Warning! This site contains satire, cynical adult humor, celebrity gossip, and an occasional peanut by-product or two!

Sunday, April 15, 2007


I was so excited to see Disturbia. I waited for months for this movie to come out. I had read about it in magazines during its production and then Dale Chapman, the manager of the Essex Cinemas, saw a screening of it at Show West, the annual theater-owners/distributors convention in Las Vegas. He came back and told me it was going to be a HUGE hit. I was so psyched.

I was always a fan of Alfred Hitchcock’s Rear Window, which was the source material for this “modern day updating of the classic tale… blah, blah, blah.” I also really like Shia LeBeouf, the young star of
Disturbia. I don’t know what it is about Shia, but he seems like such a great kid, and that is no doubt the key. He is 21 years old, but he can still play the vulnerable and the ‘on cusp of manhood teenager’ believably. He has a masculine yet delicate face, able to show great expressiveness without looking dorky ~ a lot more difficult than you might think. That’s why we see so few child stars make the successful transition from kid star to adult actor. What passes for emoting on screen as a child is a whole different ballgame than what the grown-ups do, and Shia is doing it seamlessly. From 1998’s Monkey Business to last year’s Bobby, he hasn’t taken a wrong step that I’ve seen in any of his performances. Now, some of his movies and tv shows haven’t been the rare gems you might hope for, but that’s not necessarily the actor’s fault. Me, I like to blame it on director’s wife or girlfriend. If she was (*ahem*) doing her part to make him happy during the shoot then he’d be more likely to produce good work. Why do you think when Spielberg was on such a run with hits like ET, Raiders of the Lost Ark and Close Encounters of the Third Kind his then-wife Amy Irving looked positively exhausted all the time? I guarantee you a bit of her $100 million divorce settlement helped pay to treat a few bedsores along the way. I’m just saying, but I digress.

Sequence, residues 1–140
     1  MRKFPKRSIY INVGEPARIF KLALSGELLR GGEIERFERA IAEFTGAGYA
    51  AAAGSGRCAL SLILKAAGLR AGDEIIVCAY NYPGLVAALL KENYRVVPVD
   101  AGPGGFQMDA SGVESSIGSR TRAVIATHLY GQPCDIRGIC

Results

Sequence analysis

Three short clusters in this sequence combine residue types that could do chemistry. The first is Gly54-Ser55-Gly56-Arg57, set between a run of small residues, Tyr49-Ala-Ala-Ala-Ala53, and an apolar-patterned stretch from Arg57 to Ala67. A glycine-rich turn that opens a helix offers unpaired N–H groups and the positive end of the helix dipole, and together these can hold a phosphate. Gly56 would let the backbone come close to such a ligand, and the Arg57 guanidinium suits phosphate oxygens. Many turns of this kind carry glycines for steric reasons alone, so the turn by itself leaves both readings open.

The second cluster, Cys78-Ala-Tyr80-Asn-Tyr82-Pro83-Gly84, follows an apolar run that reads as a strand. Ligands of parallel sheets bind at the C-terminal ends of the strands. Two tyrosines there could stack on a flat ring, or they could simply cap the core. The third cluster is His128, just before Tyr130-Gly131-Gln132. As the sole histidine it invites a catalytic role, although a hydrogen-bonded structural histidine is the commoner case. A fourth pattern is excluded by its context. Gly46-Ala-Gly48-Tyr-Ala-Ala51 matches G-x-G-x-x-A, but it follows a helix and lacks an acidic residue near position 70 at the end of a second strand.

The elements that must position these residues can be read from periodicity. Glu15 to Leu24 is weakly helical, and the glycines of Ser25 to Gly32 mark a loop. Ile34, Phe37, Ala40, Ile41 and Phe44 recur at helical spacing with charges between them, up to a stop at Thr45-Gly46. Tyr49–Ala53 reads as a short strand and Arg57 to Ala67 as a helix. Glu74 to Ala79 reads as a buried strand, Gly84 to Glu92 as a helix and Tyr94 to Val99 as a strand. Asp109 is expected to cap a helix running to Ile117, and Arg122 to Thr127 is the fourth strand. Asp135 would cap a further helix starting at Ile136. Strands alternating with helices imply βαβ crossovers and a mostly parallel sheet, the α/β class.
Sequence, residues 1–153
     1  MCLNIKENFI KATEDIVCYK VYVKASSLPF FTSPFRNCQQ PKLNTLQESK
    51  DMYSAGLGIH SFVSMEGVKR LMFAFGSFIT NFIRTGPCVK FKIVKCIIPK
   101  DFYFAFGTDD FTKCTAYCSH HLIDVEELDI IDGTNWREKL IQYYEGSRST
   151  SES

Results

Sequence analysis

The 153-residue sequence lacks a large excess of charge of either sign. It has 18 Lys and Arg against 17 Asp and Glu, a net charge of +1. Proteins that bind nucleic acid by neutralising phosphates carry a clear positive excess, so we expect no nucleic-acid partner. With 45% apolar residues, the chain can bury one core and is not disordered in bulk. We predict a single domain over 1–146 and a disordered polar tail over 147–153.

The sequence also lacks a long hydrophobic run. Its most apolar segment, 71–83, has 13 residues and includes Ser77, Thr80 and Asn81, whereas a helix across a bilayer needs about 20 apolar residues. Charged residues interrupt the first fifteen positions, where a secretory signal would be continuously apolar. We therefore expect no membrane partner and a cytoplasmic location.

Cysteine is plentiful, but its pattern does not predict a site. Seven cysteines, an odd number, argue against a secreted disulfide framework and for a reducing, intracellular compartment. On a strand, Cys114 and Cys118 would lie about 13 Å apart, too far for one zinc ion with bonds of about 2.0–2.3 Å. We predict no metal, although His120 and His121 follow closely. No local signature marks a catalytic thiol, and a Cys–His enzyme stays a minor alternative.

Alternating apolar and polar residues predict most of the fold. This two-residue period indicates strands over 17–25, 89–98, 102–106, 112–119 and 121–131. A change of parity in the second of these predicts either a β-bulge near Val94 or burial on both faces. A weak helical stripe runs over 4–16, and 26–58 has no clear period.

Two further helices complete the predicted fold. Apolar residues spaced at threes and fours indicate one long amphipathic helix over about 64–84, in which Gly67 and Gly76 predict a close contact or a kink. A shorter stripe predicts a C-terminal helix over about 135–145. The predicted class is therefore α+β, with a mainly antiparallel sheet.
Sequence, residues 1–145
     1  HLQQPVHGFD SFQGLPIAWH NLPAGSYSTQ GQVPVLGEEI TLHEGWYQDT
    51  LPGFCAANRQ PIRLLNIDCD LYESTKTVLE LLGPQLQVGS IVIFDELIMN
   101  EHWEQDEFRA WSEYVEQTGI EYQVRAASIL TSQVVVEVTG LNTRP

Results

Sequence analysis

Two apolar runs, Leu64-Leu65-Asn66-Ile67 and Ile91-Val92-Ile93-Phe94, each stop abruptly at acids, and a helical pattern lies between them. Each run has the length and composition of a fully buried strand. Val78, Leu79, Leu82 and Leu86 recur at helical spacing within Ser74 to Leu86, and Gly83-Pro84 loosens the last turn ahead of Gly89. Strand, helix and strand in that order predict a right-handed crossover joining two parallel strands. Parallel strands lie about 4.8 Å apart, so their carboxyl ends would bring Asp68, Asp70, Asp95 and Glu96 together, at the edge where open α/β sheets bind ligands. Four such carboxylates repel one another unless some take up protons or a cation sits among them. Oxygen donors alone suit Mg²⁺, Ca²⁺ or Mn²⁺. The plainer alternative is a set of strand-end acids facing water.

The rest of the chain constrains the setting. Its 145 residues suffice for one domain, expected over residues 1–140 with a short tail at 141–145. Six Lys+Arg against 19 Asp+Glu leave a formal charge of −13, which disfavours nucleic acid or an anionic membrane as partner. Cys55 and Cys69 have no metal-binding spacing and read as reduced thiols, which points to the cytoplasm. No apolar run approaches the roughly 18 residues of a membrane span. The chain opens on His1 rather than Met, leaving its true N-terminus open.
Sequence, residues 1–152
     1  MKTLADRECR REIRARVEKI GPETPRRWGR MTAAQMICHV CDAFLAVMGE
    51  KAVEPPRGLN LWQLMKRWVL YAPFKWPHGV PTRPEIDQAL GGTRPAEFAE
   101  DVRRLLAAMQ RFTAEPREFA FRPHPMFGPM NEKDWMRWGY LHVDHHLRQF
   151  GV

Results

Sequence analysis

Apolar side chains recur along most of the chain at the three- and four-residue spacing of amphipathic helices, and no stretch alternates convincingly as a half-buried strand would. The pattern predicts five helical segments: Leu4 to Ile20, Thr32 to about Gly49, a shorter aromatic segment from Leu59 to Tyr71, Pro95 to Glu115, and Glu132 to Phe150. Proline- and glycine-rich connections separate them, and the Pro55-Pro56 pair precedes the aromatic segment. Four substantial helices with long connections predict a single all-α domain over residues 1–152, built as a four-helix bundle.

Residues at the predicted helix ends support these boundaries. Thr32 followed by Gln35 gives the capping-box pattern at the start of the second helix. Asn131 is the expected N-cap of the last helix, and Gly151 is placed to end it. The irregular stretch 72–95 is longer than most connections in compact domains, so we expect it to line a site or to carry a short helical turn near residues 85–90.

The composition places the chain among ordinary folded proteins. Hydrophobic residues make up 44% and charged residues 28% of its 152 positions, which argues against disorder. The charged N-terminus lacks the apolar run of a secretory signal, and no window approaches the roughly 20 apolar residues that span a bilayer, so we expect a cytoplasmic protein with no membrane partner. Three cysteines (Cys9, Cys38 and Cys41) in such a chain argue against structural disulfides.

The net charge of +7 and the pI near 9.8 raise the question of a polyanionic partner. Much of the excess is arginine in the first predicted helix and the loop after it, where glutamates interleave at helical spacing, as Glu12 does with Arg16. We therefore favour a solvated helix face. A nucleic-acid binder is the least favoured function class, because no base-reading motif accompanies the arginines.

Anyway, I was practically bouncing with excitement when
Disturbia made it to the Essex Cinemas this weekend. Naturally I was at the first show, ready to be freaked. Well, I was, and then I wasn’t and then I was again.

Disturbia started off with one of the most shocking and unnerving scenes I’ve ever seen in a movie. Holy crap! It is nerve-rattling because, unlike the cartoon killing in movies like 300 or The Pathfinder, there is a death that is far too realistically possible and so “everyday” that seeing it close-up is like seeing the real thing and being helpless to do anything about it. This is one of those “it could happen to you” moments you never see and it is done way too well.

From here, the movie takes a breather and we skip ahead a year and see Shia as Kale Brecht, now sullen, withdrawn, and raging inside over what happened in the accident. A chance comment by his Spanish teacher sets the young man off and he cold-cocks his teacher, which results in Kale taking a journey through the court system in short order and straight into a three-month sentence of house arrest. Unlike Jimmy Stewart from the original, Kale is a cutting edge bad boy. It’s not a broken leg that keeps him home and turns him into a voyeur. Kale starts spying on his neighbors because he is bored and has nowhere he can go.

Heck, I’d spy on the neighbors too even if I didn’t have an ankle bracelet on keeping me at home. I used to live in a high-rise, on the 23rd floor of a building that faced a scattering of six other high rise apartment buildings within a few blocks range of mine. Please. I saw more entertainment through my binoculars than I ever did on Skin-emax, if you know what I mean, and I’m sure that you do. For some reason, people in high buildings, even with other skyscrapers nearby, think they are safe from being seen, and so few ever pull their curtains at night, if they have curtains in the windows at all. Apparently the same is true in the suburbs, at least according to Disturbia.